Some Days…

Some days…

I feel like I have so much to say, but I don’t know how to say it. Or who will listen.

Some days…

I think I just need to be with me and the cats. But then it’s not enough.

Some days…

Everything seems out of sync and wrong. And I am not Wonder Woman anymore.

Sad-Woman-Silhouette

This is one of those days. Fingers crossed for tomorrow.

Mixing It Up, Or A Question of Perspective

I have a complicated relationship with mirrors.  And I have a complicated relationship with feminism.  And sometimes those two things collide, as they did in a really odd way just the other day.

Somehow, I’ve managed to injure myself (again), and after taking a few days off from my Bikram classes, I went back with some trepidation.  Given that I was having a hard time walking without limping, I wasn’t really sure how it would go, so I chose the class based on a specific teacher, who is a good (and sympathetic) friend.  I also set up in the back row, so that my struggles would not distract anyone.  (Yes, I’m a front-row kind of yogini, even though my postures might look like crap.  Get over it.)

And something amazing happened.  Because I was further away from the mirror (and my contact lens prescription is out of date right now), I could only see myself as a whole, and as part of a class.  I could not separate myself from those around me, and their struggles, and even more so, their successes, made my class stronger.  In fact, it was one of the best classes I have ever had.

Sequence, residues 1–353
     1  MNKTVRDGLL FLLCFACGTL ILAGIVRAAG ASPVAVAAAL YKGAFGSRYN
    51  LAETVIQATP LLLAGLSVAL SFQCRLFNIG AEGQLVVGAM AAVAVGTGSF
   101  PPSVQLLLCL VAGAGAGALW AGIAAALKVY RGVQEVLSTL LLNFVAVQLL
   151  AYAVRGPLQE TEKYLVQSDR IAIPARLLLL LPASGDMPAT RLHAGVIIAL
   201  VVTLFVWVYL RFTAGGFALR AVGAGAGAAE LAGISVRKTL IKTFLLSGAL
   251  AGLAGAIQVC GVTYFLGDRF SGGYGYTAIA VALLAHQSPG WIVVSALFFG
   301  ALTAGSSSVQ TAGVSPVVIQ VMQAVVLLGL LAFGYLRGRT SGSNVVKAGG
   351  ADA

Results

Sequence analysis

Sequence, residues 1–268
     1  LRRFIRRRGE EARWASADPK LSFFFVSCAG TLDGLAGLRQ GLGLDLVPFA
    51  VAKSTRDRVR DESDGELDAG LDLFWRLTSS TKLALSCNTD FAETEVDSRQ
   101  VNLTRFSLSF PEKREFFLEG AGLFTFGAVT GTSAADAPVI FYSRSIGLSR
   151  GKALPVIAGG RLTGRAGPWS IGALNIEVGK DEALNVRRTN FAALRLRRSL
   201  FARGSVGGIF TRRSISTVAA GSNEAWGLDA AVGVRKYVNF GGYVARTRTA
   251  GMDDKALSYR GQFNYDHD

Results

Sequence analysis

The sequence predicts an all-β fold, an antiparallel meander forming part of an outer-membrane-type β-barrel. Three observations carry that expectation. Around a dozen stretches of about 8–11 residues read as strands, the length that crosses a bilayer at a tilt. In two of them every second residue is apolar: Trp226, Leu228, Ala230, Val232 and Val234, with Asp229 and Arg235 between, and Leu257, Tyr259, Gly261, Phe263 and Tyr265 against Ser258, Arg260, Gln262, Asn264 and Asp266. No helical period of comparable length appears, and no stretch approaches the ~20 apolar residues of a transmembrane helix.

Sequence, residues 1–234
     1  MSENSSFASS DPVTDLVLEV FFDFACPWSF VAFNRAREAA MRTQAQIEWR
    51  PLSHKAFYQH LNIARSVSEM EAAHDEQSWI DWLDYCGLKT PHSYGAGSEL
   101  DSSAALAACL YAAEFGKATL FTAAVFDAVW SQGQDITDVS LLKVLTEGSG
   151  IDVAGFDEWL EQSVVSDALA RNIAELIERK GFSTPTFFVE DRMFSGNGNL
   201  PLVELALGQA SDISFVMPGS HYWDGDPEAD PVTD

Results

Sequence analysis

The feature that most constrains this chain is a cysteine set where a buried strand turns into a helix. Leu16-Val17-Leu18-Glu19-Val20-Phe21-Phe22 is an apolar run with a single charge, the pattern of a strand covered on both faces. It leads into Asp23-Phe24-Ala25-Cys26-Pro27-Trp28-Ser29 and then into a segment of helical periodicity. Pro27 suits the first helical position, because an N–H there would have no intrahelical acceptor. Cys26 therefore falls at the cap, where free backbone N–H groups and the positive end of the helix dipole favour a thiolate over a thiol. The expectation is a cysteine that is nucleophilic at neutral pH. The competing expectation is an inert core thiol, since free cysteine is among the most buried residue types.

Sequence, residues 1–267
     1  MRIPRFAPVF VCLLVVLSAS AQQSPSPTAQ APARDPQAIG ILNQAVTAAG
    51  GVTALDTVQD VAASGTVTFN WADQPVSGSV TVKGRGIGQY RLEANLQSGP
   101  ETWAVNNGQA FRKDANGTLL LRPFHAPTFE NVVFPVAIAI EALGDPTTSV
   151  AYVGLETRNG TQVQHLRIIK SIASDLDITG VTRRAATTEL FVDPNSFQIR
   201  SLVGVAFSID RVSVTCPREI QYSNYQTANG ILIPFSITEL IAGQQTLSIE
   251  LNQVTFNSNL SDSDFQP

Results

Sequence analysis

How does this relate to feminism, you ask?  Well, maybe for you it would not, but for me, who has really struggled with that label, and am still not sure what it means, this class experience, which was no longer all about me and my front-row, narrowed-focus, practice, gave me a new perspective on feminism as a way looking at the big picture and working as part of a group.  It may be surprising to those that know the work I do that working as part of a group (and God forbid, being a “team player”) is really, really, really, really (toss in a few more “reallys” on your own) hard for me.

So, if the women I love and admire feel that the label “feminist” works to describe them, why not me?  While it’s taken a lot of years, I finally love and admire myself, too, and these women – these feminists – have helped me get there.  I no longer need some outsider, universal definition of “feminist” – I can just be.

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It’s all about perspective, you know?

Yes. My Answer Is Yes.

I pretty much always say yes when asked to try something.  Not because I’m so daring, but because, frankly, I’m interested in what might happen.  When your thought processes work as oddly as mine, you often make decisions based on “oh, why not?”

And I would bet you’re thinking that this has probably gotten me into trouble over the years.  Well, sure, but what’s trouble other than part of the learning curve?  It’s not like I’ve been arrested or anything.  I chose my college and grad school(s) this way,  and this attitude got me into the hot room, and Bikram Yoga has taught me even more about saying “yes, I can”.

What I don’t do (or try not to, at least) is make excuses.  For my decisions or for my actions. images-1 I found this quote the other day, and I could not agree more:  “Excuses are the nails used to build a house of failure” (Don Wilder and Bill Rechin).  There are some people who say that excuses are the same as reasons, but I don’t buy it.  Generally, if I screw up – or even if someone thinks I did – I just say “I’m sorry”, and shut up.

Sometimes shutting up is the best excuse of all.

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